"The history of Carlyle's Cromwell falls naturally into two stages; first of all a prolonged struggle to understand the subject, and lastly a shorter and more violent struggle—almost a con- vulsion of nature—to set forth the result for the world. According to him the essence of literary art consisted simply in `blazing radiant insight into the fact,' and blazing burning interest about it.' This he said was the soul of Shakespeare's and Homer's `art,' and of his own art, if he had anything of the kind. My first and last secret is to get a thorough intelligence of the fact to be painted, represented, or, in whatever way, set forth—the fact deep as Hades, high as heaven, and written so, as to the visual face of it on our poor earth. This once blazing within me, if it will ever get to blaze, and bursting to be out, one has to take the whole dexterity of adaptation one is master of, and with tremendous struggling, really frightful struggling, contrive to exhibit it, one way or the other.' "

This is all very well, and shows us much of the methods and literary spasms of the prophet of the Everlasting Yea. But Carlyle's difficulties with the subject, on the whole, proved him to be unfit to undertake it. He was profoundly bored by his material, and as for the subject itself, he found it "not a tenth part such a subject as the French Revolution." He never obtained a " thorough intelligence of the fact to be painted," and was content to believe that Cromwell was "buried under this waste continent of cinders." The year 1843 was ending, and still lie was splashing in " that unspeak- able puddle of a time" :—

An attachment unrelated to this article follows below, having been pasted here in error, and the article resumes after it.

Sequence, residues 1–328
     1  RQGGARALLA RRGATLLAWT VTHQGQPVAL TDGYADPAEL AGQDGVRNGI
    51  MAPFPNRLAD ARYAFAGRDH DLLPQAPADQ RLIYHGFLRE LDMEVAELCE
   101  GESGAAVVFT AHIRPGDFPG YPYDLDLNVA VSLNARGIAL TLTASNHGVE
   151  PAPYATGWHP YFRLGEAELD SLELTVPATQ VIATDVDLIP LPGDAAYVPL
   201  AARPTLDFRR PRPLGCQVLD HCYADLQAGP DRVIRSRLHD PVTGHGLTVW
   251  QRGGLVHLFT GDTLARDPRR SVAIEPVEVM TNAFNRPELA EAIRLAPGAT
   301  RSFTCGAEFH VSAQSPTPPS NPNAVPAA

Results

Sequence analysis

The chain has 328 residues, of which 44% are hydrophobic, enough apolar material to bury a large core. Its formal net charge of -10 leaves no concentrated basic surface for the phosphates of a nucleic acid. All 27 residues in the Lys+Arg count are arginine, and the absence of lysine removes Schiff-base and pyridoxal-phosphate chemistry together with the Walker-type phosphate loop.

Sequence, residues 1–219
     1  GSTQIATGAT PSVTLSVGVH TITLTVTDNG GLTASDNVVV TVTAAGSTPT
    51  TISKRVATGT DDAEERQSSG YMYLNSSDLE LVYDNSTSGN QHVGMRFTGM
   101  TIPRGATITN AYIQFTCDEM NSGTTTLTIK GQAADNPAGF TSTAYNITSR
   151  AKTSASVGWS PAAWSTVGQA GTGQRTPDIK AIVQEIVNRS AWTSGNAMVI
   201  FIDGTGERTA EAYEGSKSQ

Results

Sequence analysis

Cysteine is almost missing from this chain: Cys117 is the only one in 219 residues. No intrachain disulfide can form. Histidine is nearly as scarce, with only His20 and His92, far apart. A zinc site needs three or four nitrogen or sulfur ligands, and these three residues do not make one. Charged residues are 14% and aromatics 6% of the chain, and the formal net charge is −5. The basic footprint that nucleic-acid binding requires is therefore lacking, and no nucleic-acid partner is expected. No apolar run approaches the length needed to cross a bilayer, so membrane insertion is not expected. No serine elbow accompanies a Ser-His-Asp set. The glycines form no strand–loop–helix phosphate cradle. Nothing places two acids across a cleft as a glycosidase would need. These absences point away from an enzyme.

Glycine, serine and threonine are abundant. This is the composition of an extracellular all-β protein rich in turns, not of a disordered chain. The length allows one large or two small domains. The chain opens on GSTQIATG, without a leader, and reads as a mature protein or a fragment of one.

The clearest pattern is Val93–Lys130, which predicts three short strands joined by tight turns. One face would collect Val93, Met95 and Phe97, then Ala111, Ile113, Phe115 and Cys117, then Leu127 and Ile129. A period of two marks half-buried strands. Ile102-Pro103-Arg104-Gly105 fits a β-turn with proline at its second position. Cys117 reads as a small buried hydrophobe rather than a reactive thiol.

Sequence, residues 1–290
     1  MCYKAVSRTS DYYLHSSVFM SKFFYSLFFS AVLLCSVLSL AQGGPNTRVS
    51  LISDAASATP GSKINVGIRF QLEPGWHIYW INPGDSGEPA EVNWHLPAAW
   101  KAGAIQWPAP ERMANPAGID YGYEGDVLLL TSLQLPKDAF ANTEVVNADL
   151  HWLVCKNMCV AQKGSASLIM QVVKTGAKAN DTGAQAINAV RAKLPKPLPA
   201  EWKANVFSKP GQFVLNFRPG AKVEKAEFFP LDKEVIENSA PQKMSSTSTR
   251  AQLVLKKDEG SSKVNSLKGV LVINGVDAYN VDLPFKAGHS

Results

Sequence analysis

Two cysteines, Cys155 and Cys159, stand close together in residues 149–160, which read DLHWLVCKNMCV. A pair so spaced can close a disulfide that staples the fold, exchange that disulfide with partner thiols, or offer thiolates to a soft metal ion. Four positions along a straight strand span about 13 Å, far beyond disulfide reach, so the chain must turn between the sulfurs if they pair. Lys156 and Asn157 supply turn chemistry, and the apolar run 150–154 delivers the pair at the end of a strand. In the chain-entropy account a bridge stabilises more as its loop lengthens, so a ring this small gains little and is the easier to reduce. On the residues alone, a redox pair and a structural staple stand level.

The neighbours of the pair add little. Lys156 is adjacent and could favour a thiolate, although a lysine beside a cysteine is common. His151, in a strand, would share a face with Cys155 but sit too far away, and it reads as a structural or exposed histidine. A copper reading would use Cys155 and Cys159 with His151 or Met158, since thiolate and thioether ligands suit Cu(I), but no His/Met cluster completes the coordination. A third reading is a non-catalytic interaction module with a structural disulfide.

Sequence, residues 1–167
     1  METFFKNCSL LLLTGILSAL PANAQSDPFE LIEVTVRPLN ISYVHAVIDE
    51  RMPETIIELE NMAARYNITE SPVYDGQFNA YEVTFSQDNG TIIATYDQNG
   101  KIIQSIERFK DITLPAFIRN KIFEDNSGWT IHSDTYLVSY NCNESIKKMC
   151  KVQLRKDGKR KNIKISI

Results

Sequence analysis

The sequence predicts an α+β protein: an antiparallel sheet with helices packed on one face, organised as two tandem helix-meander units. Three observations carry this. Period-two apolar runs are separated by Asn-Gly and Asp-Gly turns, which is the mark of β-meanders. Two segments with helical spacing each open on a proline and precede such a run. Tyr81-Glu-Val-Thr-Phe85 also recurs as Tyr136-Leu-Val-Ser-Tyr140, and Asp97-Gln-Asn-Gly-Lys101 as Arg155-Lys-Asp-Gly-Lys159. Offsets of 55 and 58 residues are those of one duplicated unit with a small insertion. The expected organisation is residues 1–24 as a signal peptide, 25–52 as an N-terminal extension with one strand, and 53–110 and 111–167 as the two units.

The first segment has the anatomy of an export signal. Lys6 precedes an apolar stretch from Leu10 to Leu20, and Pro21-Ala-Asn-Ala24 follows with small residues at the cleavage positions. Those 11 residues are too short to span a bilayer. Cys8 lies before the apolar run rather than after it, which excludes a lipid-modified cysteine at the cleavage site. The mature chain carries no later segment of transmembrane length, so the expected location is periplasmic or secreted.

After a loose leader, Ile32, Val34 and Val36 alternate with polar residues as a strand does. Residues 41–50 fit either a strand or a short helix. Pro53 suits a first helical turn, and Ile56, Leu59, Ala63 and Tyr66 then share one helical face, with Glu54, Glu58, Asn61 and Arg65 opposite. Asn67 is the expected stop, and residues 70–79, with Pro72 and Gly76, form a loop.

" One day in December 1843 while Mrs. Carlyle was ' peace- fully darning his stockings' her husband rushed into the room and threw a pile of manuscript into the fire. It was up the chimney in a line blaze before 1 knew what he was burning,' said Mrs. Carlyle. This life of Oliver Cromwell looks to me as if it were never going to get itself written, work at it as he may.' Carlyle himself, however, felt that at last he was on the right track. ' My book,' he told his mother, occasions great difficulty. I not long ago fairly cast a great mass of it into the fire, not in any sudden rage at it, but after quiet deliberation, and deciding on this as the best that I could do. I am now trying the business on another side with hopes of better prosperity there.' Instead of writing a consecutive history of the Civil Wars and the Commonwealth he resolved to attempt something much simpler —he would collect the authentic utterances of Cromwell and confine himself to a detailed commentary upon them."

In August, 181,5, the Letters and Speeches was complete. " I feel the liveliest gratitude to the gods that I have got out of it alive." The book was published in October, and was, to the surprise of author and publisher, a brilliant success. The abiding merit of the work was that it entirely changed the historical status of the Protector :—